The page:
Gas Tank & Fuel Lines
While the tank is out getting
cleaned, I started the preliminary work on the gas lines. Basically I have to
run all new line from the tank to the carbs. Most of the line will be coming
from John in the form of Push Lock hose designed for high pressure fuel
situations. I didn't want to use steel line as there would be a lot of custom
bending and compression fittings involved like Rick did on Aaron's car. It looks
great but running high pressure hose works just as well and is a lot easier to
work with. The hose and fittings that John provides is rated at 250 PSI
and is what he uses when he does installations. The TBI conversion requires a
low pressure return line from the fuel pressure regulator, so I'll just be
re-using my existing steel fuel line for that......I mean it's all just sitting
there doing nothing at this point!
What a dirty looking
trunk....but no Rust :-)
I've always had a slight gas smell in
my car but I could never find its source or even see any evidence of a leak.
When I pulled the tank there was a sponge-like donut that sat on the Gas Tank
Outlet hole in the picture above. The tank rested on it and the gas line passed
through it.....and it reeked of gas! My guess is there must have been a tiny,
infrequent leak at the compression fitting that worked its way to this donut
causing the smell. After a thorough soaking and cleaning, it now smells like
Purple Muscle now.
Source of Gas Smell
Monday I'll drop off the fittings I need soldered
in to the gas tank and then it's wait for the tank to be done and John's kit to arrive.
December 1st and the
weather continues to be unseasonably warm with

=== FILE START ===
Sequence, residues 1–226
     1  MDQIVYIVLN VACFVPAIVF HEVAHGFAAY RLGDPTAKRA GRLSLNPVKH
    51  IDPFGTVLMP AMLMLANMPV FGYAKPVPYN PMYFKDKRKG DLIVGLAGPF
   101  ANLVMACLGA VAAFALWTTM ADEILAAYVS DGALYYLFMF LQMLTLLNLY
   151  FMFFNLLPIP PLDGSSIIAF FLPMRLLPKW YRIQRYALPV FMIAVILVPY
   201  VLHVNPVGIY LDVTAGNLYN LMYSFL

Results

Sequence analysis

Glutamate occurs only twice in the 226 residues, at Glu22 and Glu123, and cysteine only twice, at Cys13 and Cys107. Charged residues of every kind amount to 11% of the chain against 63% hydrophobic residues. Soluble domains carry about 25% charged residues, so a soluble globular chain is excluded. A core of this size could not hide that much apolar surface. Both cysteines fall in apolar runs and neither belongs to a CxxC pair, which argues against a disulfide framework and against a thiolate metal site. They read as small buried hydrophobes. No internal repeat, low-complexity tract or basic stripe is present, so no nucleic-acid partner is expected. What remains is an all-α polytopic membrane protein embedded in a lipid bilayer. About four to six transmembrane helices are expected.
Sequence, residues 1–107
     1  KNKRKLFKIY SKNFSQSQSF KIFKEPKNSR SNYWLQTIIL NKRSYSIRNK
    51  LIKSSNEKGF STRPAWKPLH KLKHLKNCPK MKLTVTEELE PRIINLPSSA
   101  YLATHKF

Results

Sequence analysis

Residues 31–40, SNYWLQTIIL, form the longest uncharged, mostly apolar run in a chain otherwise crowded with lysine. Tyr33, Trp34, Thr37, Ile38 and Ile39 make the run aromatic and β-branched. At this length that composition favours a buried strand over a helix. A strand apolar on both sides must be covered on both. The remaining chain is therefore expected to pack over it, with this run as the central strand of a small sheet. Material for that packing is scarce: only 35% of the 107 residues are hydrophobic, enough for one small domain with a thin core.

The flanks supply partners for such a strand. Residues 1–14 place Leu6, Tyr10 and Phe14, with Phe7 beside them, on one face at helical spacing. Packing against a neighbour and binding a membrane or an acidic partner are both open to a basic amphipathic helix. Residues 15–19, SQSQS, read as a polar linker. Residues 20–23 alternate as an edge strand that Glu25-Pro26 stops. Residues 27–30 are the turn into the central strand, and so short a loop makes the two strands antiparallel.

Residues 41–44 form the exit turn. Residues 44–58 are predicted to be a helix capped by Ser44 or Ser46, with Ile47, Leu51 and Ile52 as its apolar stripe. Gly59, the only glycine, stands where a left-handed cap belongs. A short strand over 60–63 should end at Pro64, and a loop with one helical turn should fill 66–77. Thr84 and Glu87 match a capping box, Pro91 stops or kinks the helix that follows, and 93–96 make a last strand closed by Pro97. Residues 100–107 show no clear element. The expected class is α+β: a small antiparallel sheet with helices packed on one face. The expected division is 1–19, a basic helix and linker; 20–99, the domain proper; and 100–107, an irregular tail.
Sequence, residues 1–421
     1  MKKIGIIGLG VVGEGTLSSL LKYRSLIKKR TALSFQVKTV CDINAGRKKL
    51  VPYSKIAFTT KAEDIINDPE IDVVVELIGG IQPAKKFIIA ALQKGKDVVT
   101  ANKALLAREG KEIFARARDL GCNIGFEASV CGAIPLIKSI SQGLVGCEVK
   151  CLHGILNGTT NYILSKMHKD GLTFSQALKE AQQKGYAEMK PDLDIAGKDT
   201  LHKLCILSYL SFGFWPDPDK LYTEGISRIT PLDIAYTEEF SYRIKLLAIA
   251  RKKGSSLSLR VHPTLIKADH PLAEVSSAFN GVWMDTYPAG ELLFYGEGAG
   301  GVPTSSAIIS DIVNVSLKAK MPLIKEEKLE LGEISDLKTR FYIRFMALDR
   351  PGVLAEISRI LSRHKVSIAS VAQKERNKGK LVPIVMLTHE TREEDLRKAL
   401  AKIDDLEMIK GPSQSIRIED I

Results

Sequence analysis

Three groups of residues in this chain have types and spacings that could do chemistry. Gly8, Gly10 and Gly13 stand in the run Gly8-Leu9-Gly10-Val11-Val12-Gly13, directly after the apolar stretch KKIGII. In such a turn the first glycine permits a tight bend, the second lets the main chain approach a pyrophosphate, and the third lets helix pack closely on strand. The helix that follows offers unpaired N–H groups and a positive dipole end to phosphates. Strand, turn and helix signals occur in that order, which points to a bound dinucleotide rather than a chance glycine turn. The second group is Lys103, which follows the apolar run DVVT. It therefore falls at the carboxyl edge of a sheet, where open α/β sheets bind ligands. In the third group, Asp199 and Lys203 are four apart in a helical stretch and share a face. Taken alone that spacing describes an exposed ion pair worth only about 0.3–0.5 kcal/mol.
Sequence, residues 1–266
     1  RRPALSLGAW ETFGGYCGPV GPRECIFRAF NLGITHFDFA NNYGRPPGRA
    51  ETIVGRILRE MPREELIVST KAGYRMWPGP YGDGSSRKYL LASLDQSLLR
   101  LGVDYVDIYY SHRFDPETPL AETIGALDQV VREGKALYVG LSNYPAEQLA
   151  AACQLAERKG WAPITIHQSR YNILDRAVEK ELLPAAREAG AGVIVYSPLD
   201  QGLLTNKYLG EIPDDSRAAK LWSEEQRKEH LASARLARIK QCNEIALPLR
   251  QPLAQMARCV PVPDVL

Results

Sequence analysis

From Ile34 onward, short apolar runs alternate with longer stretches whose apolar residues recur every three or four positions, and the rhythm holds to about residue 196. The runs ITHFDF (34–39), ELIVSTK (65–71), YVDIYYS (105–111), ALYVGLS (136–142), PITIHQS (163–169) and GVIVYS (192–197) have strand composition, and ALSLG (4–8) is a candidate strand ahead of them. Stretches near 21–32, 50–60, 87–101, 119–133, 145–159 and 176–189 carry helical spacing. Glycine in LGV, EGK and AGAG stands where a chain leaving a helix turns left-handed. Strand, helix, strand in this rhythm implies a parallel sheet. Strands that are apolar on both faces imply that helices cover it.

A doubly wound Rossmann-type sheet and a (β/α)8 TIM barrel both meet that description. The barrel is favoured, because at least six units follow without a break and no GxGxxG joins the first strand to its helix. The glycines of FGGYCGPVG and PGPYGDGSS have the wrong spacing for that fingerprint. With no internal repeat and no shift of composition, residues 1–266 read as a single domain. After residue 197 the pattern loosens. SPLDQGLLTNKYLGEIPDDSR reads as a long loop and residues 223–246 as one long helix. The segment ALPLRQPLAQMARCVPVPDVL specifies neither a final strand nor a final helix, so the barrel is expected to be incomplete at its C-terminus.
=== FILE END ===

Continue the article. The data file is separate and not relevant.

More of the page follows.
temperatures in the high 50's to low 60's. I picked up
the gas tank today and for $50 it was acid dipped,
cleaned, tested and 2 fittings soldered in place.
Because the tank is steel and the fittings are brass,
the 2 "welding" options are: brazing and soldering.
Soldering was used because he believes it gives a better
seal in a liquid environment.
one of the "challenges" is finding the right
fittings and sized to use in a liquid environment.
What made this a lot easier was Rick's knowledge of
what is the best fitting to use, coupled with his
ownership of a NAPA store or two. So basically Rick
gave me the part number and I went and bought it at
my local NAPA store.
hindsight I would have located the tank return
fitting in one of two other locations. The spot I
choose requires an elbow or 90 degree fitting to
allow for hose clearance. I learned that from inside
the car there's lots of room above the tank but the
rear deck has a slight slope which limits clearance
on trunk side.......where I put the fitting.
I used a 90
degree elbow and a straight barb for the
Rick's expensive ($35) suggestion and sprung for the
NAPA fuel shut off valve. I know there are cheaper
alternatives but at this point.................. :-)
The fuel flow from the tank is gravity fed to the
pump so I just screwed the 1/4 NPT male fitting on
the shut off valve directly into the tank fitting. On the other side of the shut
off is a 1/4" NPT Male straight barb with a short
section of 3/8" hose that connects to the filter. It's a tight fit for the
fuel shut off valve relative to the frame and tank so I have
to remove its handle and reverse it to get enough clearance.
When it's in the open position, you want the "arrow"
end of the handle pointing at the tank. It was also
easier to screw this in with the tank leaning away
from it's vertically mounted position. I poured
about 1/2 gallon of gas into the tank and found no
leaks! Yippee............ and a quick turn of the
valve handle got the gas flowing...........on to the
garage floor! Damn hose jumped out of the container.
Well, at least the valve works, I wanted to mount
the filter in a horizontal postion directly before
the pump but space was at a premium so I moved it to
a vertical position right after the shut off valve.
Shut Off Valve
is the fuel pump......more